We made the grade finally. The days shortened up according to habit and if we reached the haystacks and loaded two loads on and tumbled down those hills before dark we didnít have any time to waste. Finally, I thought about the coyotes, I hadnít seen any. Then about two miles down the valley and 75 years from the road, I saw a badgerís head protruding from his hole. A badger hide might make a good start on a fur collection of some value. I got the team stopped and completed the arrangement for the fur collection. When I shot, Frank stopped his team until I secured my fur, all but the skinning and cleaning. Our next stop was the haystack, twelve oíclock sharp, and for dinner raw badger and hayÖ no melon. We loaded and were back at the ranch by dark. How we ever got down them hills without up setting, Iíll never know. I know I was never any worse scared in all my life. When we got the hay hauled, the boss wanted us to cut his winters wood. Three miles up the valley was a patch of fire killed poplar, dry enough to burn real good. We moved Frankís tent and bed and stove up there and commenced to cutting. We cut about ten cords up in stove lengths. Mrs. Smart planned to go east to spend the winter with relatives. About four days before she was due to leave, Mr. Smart wanted us to go out and get some wild meat for winter use. We saddled up and started up the river about 15 miles to a vacant summer camp, shack, corrals and stable. For grub, we took salt and about two pounds of rolled oats. We got a late start and followed the high ground along the edge of the valley. It was a cold windy day and we had to face the wind. When we got within three miles of camp, Frank stopped and said, "Iíve got a bunch spotted". I asked where and he said up the valley and across the river. I looked and couldnít see a thing. He said, "On that flat near the river at the upper end". I looked and could just see a tinge of brown it was two miles away. We hurried on to camp, put the horses in the stable and ate a handful of raw rolled oats Ö still no melons. We took our 30-30ís and crossed the river on the ice that reached across the places, there was plenty of open water, but we followed along down the flat. We couldnít see any antelope but there were tracks of about fifty of them. They had started up a coulee that came in from the north. We followed about a mile and came upon them lying down in the head of the coulee. We couldnít approach closer than two hundred yards without being seen. This was our limit of range figuring trajectory. We were both lying down, rifles resting on an elbow.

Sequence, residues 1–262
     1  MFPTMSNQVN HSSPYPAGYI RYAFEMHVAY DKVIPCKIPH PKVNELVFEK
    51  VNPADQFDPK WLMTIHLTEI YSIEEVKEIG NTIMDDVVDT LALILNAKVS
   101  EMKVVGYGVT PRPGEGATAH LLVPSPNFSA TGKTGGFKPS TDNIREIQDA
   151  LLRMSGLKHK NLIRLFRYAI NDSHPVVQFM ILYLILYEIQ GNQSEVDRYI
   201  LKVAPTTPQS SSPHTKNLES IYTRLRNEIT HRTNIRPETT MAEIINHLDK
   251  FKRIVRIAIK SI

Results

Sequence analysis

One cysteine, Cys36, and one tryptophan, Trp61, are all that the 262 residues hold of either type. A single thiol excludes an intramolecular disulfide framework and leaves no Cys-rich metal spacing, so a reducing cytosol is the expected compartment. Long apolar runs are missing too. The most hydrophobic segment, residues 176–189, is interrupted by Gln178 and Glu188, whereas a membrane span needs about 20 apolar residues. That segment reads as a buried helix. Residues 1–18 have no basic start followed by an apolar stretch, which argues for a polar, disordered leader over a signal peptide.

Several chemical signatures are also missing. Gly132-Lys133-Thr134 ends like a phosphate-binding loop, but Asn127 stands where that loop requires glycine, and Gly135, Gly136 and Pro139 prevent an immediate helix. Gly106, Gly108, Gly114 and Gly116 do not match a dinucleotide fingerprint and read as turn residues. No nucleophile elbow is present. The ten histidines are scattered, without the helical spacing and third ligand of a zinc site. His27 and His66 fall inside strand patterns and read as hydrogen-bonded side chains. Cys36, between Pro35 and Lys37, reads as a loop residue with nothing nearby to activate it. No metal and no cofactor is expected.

I was ready and waiting for Frank to shoot first, and Iíll admit itís possible I had a bit of what they call buck fever. Franks rifle clicked a mute shell and mine declared a clean miss! The antelope were up in a flash computing distance with their feet putting down zero and carrying four. But before they faded from view, behind the nearest rise, two shots bade them, good-bye. We followed to higher ground for a parting view
|The Howard Clan webpages were submitted by Patrick K. Best The Howard Clan were some of the original homesteaders of the North Bend District. It is hoped that you and many more people enjoy this history that this clan went through everyday to strive to live and provide a great part in making the history of Saskatchewan come alive. |
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